Wolff criticizes ‘regrettable’ rivals as FIA intervention issue mounts


Mercedes Formula 1 boss Toto Wolff has accused “regrettable” rivals of being “phony” and playing “political games” as the FIA ​​tries to help tackle the worst traits of the 2022 cars.

The new ground effect cars run low and stiff and have suffered from a mixture of porpoise and poor ride quality in general.

Now that a number of drivers from different teams have complained of back pain and raised concerns about the potential long-term consequences of driving these cars, the FIA ​​has stepped in on safety grounds.


It will force teams to modify their settings if they are found to be in breach of a yet-to-be-defined limit for the vertical oscillations drivers can be subjected to, and is exploring possible changes to technical regulations for the future.

Some teams, including Mercedes’ arch-rival Red Bull, have criticized the prospect of a mid-season rule change, expressed disappointment at the timing of the FIA ​​technical directive on the eve of the Canadian GP weekend or they accused Mercedes of using the problem to try to get a rule change to help the performance deficit it currently suffers from.

The situation appears to have reached boiling point in Montreal, where Wolff is said to have made his discontent abundantly clear at a meeting of F1 team bosses.

He said after qualifying in Canada: “This is a sport where you try to maintain or win a competitive advantage, but this situation has clearly gone too far.

“All the drivers, at least one in each team, have said that they were in pain after Baku, that they had difficulty keeping the car on the track or blurred vision.

“And team principals trying to manipulate what is said to maintain competitive advantage, and trying to play political games when the FIA ​​is trying to find a quick fix to at least put the cars in a better position, is false.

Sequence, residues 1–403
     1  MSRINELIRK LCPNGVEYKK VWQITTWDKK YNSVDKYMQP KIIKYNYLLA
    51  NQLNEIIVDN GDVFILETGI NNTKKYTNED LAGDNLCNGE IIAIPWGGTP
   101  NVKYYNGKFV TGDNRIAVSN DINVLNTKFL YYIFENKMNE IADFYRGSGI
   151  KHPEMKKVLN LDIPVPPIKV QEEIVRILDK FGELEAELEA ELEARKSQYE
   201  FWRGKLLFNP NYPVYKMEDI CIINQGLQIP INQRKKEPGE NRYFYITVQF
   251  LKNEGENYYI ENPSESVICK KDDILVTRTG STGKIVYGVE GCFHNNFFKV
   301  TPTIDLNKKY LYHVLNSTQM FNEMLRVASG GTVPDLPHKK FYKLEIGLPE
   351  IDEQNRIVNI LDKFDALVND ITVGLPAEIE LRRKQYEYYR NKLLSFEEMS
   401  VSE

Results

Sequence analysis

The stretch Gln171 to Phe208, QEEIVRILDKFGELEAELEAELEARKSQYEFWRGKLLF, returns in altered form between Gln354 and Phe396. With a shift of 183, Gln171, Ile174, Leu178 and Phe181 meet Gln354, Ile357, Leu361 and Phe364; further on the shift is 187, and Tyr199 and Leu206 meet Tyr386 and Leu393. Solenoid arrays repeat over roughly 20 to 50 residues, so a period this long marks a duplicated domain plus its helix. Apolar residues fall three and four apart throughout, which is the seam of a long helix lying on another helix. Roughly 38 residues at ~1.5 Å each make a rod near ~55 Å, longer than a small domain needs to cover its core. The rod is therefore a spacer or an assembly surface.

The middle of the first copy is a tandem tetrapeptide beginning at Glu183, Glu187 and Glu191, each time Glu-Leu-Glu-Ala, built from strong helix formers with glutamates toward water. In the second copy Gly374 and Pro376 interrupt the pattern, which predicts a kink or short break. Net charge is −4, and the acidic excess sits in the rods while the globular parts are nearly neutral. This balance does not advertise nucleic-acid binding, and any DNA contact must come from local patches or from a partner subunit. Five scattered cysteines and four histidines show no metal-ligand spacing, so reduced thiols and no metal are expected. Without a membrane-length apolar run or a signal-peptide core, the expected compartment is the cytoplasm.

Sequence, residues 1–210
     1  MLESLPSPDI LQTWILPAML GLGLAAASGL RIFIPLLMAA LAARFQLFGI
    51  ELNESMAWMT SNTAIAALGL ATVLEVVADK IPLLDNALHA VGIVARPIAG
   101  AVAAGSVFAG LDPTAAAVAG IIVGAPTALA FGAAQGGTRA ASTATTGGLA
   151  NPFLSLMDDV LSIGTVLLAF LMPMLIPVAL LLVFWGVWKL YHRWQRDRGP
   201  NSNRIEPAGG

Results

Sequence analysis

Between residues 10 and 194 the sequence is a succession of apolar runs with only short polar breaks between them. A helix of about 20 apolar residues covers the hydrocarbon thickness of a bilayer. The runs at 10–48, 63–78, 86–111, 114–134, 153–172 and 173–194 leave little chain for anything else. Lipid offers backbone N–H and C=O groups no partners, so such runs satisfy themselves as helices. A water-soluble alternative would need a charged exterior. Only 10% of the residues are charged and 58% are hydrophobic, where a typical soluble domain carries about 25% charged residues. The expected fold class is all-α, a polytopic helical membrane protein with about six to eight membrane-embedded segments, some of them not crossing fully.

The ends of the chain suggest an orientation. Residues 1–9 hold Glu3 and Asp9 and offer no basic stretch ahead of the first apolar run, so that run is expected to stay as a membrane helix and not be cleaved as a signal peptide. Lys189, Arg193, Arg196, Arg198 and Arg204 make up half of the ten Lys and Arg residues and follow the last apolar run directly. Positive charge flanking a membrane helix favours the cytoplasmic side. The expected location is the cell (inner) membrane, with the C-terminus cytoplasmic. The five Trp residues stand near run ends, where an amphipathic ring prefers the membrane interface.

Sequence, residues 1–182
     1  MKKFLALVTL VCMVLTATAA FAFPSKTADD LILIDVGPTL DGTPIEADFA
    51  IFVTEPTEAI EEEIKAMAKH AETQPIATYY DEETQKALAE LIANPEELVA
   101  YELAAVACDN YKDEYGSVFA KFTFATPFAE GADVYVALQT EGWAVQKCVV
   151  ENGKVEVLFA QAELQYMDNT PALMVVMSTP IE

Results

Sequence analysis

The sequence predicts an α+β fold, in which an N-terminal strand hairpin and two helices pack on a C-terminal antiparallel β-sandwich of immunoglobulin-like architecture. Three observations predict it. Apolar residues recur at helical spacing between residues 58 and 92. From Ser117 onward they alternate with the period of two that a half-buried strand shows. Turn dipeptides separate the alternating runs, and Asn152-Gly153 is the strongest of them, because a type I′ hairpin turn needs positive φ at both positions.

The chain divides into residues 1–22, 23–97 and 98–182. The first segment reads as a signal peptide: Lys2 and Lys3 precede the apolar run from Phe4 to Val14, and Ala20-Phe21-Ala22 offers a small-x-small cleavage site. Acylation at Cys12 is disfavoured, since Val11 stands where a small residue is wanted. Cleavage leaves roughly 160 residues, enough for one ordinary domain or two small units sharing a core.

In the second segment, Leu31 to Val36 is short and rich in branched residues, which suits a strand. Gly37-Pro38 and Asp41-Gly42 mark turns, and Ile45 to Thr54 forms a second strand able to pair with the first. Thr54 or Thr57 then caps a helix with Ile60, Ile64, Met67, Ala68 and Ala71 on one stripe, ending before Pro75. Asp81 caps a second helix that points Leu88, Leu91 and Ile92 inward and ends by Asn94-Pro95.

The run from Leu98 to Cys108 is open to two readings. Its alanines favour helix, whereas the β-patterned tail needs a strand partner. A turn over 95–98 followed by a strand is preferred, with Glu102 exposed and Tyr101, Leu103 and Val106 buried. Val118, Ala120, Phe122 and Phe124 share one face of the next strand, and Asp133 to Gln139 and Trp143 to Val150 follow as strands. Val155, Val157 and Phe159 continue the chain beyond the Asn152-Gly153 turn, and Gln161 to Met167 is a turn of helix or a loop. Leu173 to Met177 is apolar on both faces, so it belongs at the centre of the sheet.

“That’s what I said.

“I don’t mean just the Mercedes, all cars suffered in one way or another in Baku and still do here.

“The cars are too stiff, or the cars are bouncy, whatever you want to call it, because in fact this is a joint problem that we have in Formula 1.

“It is a fundamental design problem that needs to be solved. We have long-term effects that we can’t even judge.

“At any time this is a security risk, and then doing little manipulations in the background or Chinese whispering or informing the driver is just unfortunate.”

Red Bull and Ferrari are battling for the championship in Mercedes’ absence and any change around the rebounding issue has the potential to affect the dynamics of their battle.

After the previous race in Azerbaijan, Red Bull team boss Christian Horner said it would be a mistake for the FIA ​​to change the rules midway through the season.

Whether it’s a mechanical or aerodynamic-related issue, teams with severe bounce could be forced to compromise performance by raising ride height.

There was immediate speculation that Ferrari could suffer as it has been one of the hardest hit by the porpoise, with driver Charles Leclerc saying this week in Canada that he did not agree with the FIA’s intervention.

Motor Racing Formula One World Championship Qualifying Day for the Canadian Grand Prix Montreal Canada

However, Wolff and Mercedes have had a hard time convincing critics that their own motives are altruistic and not in their competitive interests.

“Of course people will question whether my position is sincere or not,” Wolff admitted.

“That’s why I say it’s not just our problem.”

He quoted Red Bull driver Sergio Perez as saying “you can even lose your vision under braking” and referred to comments made by Carlos Sainz (Ferrari), Daniel Ricciardo (McLaren), Esteban Ocon (Alpine) and Kevin Magnussen ( Haas).

“This is not a team problem,” Wolff said.

“This is a ground effect car design issue that needs to be addressed before we have a situation, whatever it is.

“And it’s not just putting the cars [in terms of ride height]because putting the cars up high doesn’t solve the stiffness of the inherent aerodynamic characteristics.”